The silver impregnation technique (protargol) offers for optical microscopy the best results in the revelation of morphologic characteristics of the structures of the cortex and endoplasma, as well as the form and disposition of the nuclei of protista ciliates, flagellated and opalinates.
The silver proteinate, used in the technique, acts as an impregnanting agent, on the level of the kinetossomes or basal corpuscles of the cilia and flagellum. With the impregnation of these it is placed in evidence the distribution of the somatic kineties and organization of the cilia and flagellum of the oral area of the protozoan, facilitating the counting and description of its components.
The modifications and improvements of the protargol technique started with the results presented by Bodian (1936, 1937), who used the technique for the revelation of cells of the nervous tissue.
The modifications of the technique described by several researchers (Dieckerman, 1995; Dragesco, 1962; Foissner, 1991; Hiller, 1991; McCoy, 1974; Montagnes & Lynn, 1987; Moskowitz, 1950; Ng & Nielsen, 1977; Repak & Cribbins, 1966; Tuffrau, 1964, 1967; Wilbert, 1975; Zagon, 1970), were made for optimal results and adapted to the material available in their laboratories, thanks to a vast possibility of variation of the technique.
Tuffrau (1964, 1967) suggest that a minimum of albumin-glycerol of Mayer solution should be used to attach the cells in the slide, diluted in a proportion of 1:10, to form a very fine layer on the slide. The addition of the albumin-glycerol of Mayer on the cells can be done directly on the slide or in a small glass recipient or clock glass; in this case, after homogenization, the cells are distributed diluted in Mayer solution over several slides or coverslips. It is adequate the attachment of the cells in coverslips, to facilitate posterior observation under the microscope of both faces of the impregnated specimen.To avoid the detachment of the cells during the processing of the technique, Tuffrau (1967) suggest the immersion of the slides in the alcool-formol v/v, for 3 minutes. Foissner (1991) suggest the use of the albumin¾glycerol after a month of stability in the refrigerator. For the attachment of the cells on the slides or coverslips is adequate as an alternative, the use of polylysine. Which was not used before in the impregnation technique.
The time of impregnation of the cells may vary, as well as the temperature of the incubator.
The concentration of the hydroquinone can be from 0.4% to 1%. It is adequate a lower concentration. The preparation should be revealed first at very short times and after, the tonality of the impregnation controlled under the microscope. The recommended tonality resembles the color of Whisky. Tuffrau suggests a imersion in 5% sodium thiosulfate, if the specimens are too dark.
The fixation of the impregnation in sodium thiosulfate should be made between 30 seconds and one minute. Because this may darken the preparation, this stage is very important for the preservation of the impregnated cells for long term storage of the slides in collections.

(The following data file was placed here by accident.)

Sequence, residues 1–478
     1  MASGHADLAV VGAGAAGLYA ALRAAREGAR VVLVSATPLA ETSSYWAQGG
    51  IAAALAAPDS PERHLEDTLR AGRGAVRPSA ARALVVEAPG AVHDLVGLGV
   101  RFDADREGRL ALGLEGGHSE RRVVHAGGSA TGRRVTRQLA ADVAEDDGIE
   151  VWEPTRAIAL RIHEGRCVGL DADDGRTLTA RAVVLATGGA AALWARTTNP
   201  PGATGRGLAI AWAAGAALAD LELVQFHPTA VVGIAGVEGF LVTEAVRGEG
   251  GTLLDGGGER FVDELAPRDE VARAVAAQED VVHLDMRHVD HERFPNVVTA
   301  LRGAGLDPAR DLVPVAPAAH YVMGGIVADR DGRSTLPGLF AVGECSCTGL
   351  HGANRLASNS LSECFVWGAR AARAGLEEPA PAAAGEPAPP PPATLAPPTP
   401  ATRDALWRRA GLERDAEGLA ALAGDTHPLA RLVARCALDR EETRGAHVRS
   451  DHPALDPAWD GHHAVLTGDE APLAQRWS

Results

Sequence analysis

Finally is adequate the use of the Entellan in stead of balsam from Canada for the mounting of the slides.
In addition to the technique of the protargol, other impregnation techniques by silver can be used, such as the technique of Chatton & Lwoff (1930), of Klein (1915) and of Fernando-Galeano (1976), that also offer great results in the revelation of important morphological data. But the first, which reveals most of the structures of the cortex of the cell very well, does not evidence the organelles and nuclei of endoplasma. Klein's technique, also called dry silver, does not reveal the whole structures of the cortex, but it evidences the plates of the submembranal cytoskeleton, that exist in several ciliates species. These structures are not very proeminent with protargol, that complements the study of certain protista species. The technique of Fernando-Galeano, also called the technique of the carbonate of silver amoniacal, offers great results like protargol, but it does not allow the preparation of definitive slides for storage in collections. It is necessary to underline that the results of the technique of the protargol are complements of the observation of the protozoan in vivo.
Acknowledgments — I would like to thank the trainees of the laboratory (Anderson Bruno de Matos, Flávio Joppert, Fábio Lima Custódio and Maurício Guimarães Gomes Moreira) and to Prof. Ulisses Lins of the Section of Electronic Microscopia of Inst. of Microbiology-UFRJ, for the access to the optical Microscope Axioplan II of Zeiss, in which the photomicrographs of this work were taken. The work was developed with support of the CNPq (520901/95-9), PRONEX (0877) FAPERJ (E-26/170.583/95) and CPEG-UFRJ (351905P077-8).